• Global steel consumption also witnessed a bounce back and grew 13.1% to 1,283 m tonnes in 2010. Steel consumption in emerging and advanced economies grew 9.1% and 25% respectively in 2010.
  • The natural disasters in Japan and Australia have caused some uncertainty over raw material prices and short term steel demand. In particular, the automotive and electronic industries may face shortages in supply where they are relying on Japan for manufacturing components.

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  • Coking coal and iron ore are the two main raw materials used for making steel. Both are in short supply. India's coking coal imports surged 39% in FY11 alone. Further government delays in allocating coal blocks for captive consumption by steel manufactures is seriously hurting the competitive edge of Indian steel sector. The same story is with iron ore. There are delays in allocating iron ore mines as well as approval for mining licenses. As a result no new investment on the ground in the steel sector is happening to add new steel capacities. The prices of these raw materials are also touching new highs which are further putting pressure on steel makers globally and they are showing no signs of coming down.
  • There are delays in clearances for mines, land acquisition for Greenfield projects and environment approvals in India. There is thus delay in converting the intent into project on ground especially in the area of expansion and modernisation. This impedes growth of domestic steel capacity creation.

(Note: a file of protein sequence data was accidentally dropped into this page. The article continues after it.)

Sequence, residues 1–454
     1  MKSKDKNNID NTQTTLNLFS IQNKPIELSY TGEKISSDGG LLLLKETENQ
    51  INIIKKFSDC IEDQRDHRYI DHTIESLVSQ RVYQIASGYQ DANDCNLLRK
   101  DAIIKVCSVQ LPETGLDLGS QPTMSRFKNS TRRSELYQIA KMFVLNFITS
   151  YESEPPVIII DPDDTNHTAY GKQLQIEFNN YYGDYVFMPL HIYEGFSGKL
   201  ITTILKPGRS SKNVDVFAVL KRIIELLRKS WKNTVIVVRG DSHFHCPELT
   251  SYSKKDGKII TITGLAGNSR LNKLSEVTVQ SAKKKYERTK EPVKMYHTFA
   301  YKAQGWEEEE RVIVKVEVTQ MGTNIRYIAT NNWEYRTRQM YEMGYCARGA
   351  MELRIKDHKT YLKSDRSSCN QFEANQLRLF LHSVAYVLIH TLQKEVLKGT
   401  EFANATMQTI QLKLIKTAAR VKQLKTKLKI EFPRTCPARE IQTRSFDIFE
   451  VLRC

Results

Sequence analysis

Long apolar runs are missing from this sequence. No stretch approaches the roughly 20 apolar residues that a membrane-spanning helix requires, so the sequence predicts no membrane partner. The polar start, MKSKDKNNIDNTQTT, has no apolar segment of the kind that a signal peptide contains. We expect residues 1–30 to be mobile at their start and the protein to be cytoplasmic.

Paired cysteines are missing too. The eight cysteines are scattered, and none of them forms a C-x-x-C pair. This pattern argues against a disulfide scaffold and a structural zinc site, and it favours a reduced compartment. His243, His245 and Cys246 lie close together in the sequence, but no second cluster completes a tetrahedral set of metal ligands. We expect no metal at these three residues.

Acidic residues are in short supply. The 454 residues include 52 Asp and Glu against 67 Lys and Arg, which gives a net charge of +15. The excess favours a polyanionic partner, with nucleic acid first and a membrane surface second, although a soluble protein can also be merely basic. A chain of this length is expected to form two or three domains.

• The Indian steel sector may face threat from cheap imports, now that the import duties on steel in India are amongst the lowest in the world. Import pressures could consequently lead to pressure on margins of the domestic companies on account of lower steel realisations. However, if the Indian government increases the import duty on steel products, domestic steel industry could get protection to an extent. But since India has already agreed to the WTO norms, it might become difficult for the government to increase duties substantially.
  • Going forward, we remain apprehensive about the continuation of the strong performance by steel companies. We believe that volume growth would be visible in the years to come, largely due to the continuation of infrastructure spending (including housing), strong demand from the auto sector, which could help in driving demand for value added steel products like CR (cold roll) steel and exports. We expect realisations to remain under pressure on account of excessive supplies. However, a recovery in steel prices could be sooner if steel producers across the globe take continuous efforts at curtailing production.
  • The government over the last couple of years has continued to lay emphasis on continuation of infrastructure activities in the country. Increased spending on infrastructure will be a key positive for the steel sector as the demand for steel will get a boost. The continuation of tax sops to the housing sector is another positive for steel demand.

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Related Links for Steel Sector
Quarterly Results | Sector Quote | Over The Years